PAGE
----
Football.ua presents to your attention a new section, which will be completely devoted to football tactics: the history of development, basic principles and concepts, modern problems.
As an introductory material, we propose to get acquainted with an excerpt from the book by Boris Andreevich Arkadiev Tactics of the football game , which for several decades has been considered one of the main textbooks for coaches and those interested in this kind of football art.
Any method of fighting the enemy can be called tactics. An expediently constructed tactic gives the desired result, an inexpedient tactic does not lead to it.
Applying appropriate methods of struggle means knowing how to fight. Thus, tactics is the ability to fight the enemy.
Football tactics are the ability to play with the greatest success. With a high degree of this skill, the tactics of the game rises to the height of art.
The body of knowledge underlying football tactics is small, and they themselves are simple and accessible to all who play football.The whole point is for the player’s knowledge to become his skill.
A completely different matter is the method of tactical training of players and the team as a whole and its staffing for some forthcoming cycle of games based on the “diagnosis” of the players’ playing abilities. This requires a wide range of special knowledge, but all this refers to the football strategy that ensures the team’s success, for example, in the championship or the Cup of the country, that is, in some tournament cycle of games as a whole.
Still, what takes place in the game on the field should be considered the subject of tactics, up to the choice of the technical means of the game, and is primarily a matter of the skill of the players.
The ability to fight for the ball, “hold” the player and move away from the holding player, dodge the opponent and take the ball away from him – all this is an individual tactic of a football player, more precisely – a single combat tactic, while team tactics of collective effort combines the unity of purpose and method individual actions of the players.
When a player uses his feint (deceptive movement) skill to dodge an opponent, this is an individual tactic; the very same outline of the player, applied in terms of the organized collective effort of the team, will be a means of team tactics of the game.
Football tactics are the art of a team to make the most of all its playing possibilities, building the game in accordance with the characteristics of the opponent.
Practically in the game, this is expressed in a certain offensive system of sending the ball and fast movements of players with and without him for the final throw of the ball into the opponent’s goal and in a defensive system of actions aimed at depriving the opponent of the opportunity to score a goal.
Thus, no matter what tactical system the team plays, all its offensive efforts are reduced to scoring as many goals as possible into the opponent’s goal and not allowing them to enter their own.
To this end, the team, in an organized effort, tries to give its attacking players the opportunity to shoot at the opponent’s goal from a distance and from positions that allow them to score a goal. Her defensive tactics boil down to preventing the enemy from doing this.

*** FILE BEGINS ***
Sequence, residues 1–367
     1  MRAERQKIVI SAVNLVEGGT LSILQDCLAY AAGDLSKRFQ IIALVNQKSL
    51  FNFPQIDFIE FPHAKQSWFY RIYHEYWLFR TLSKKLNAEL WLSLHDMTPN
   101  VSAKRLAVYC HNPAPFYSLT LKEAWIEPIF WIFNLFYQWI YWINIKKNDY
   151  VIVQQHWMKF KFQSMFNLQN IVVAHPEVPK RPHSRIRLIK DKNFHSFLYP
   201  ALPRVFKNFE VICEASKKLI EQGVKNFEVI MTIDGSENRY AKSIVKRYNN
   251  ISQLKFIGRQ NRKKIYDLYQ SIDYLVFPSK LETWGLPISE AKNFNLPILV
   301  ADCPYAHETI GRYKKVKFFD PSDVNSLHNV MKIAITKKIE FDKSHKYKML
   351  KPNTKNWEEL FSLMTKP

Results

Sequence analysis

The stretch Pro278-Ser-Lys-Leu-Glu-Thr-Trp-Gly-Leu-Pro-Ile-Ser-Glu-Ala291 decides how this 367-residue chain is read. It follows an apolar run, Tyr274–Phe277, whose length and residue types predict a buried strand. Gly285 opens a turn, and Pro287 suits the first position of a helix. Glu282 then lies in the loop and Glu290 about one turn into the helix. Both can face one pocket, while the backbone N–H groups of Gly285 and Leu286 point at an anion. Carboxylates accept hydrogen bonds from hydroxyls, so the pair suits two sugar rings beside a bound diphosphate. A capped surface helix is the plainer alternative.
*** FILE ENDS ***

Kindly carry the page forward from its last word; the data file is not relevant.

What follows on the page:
In order to be able to score a goal, the attacking player must at some point be in a position where the opponent would not interfere with him to send the ball into the goal net.
At this moment, the state of the attacking player, as a rule, is not static and can be called a position only conditionally, since the player usually only in motion finds the freedom of action necessary to score a goal.
However, the defensive players try to approach a free-standing or moving opponent at their goal and “close” him, even if he does not possess the ball, if his partners can pass the ball to him at the moment.
The technical means to bring the ball closer to the opponent’s goal are to kick and dribble the ball.
I will call the transfer of the ball by kick from one player to another, as it is customary for us, a pass, dribbling the ball across the free field – rushing the ball, and dribbling the ball past the opponent – dribbling.
The simplest football tactic is to play according to the principle of “hit and run”, that is, without a precise purpose (unaddressed) sending the ball towards the opponent’s goal and the players’ aspiration after the ball.
This is a long-passed stage of the tactical development of the game, to which football will never return.
Modern tactics of the game are based mainly on the pass, combined with the movement of the players, the ball chasing and dribbling.
Playing only “in passing”, without moving the players and dribbling the ball, is impossible, since the transfer of the ball between standing motionless players will never bring the ball closer to the opponent’s goal.
The movement of the attackers will certainly cause the defending players to pursue them.
Breakthroughs to the goal and outlining will meet organized defense opposition.
Thus, all the main tactical means of the game are immediately determined, namely: kick on goal and pass, ball rush and dribble, “holding” the player and taking the ball, moving without the ball and taking positions, that is, the placement of players.
The distribution of game functions between the players and the resulting arrangement of players determine the tactical system of the game.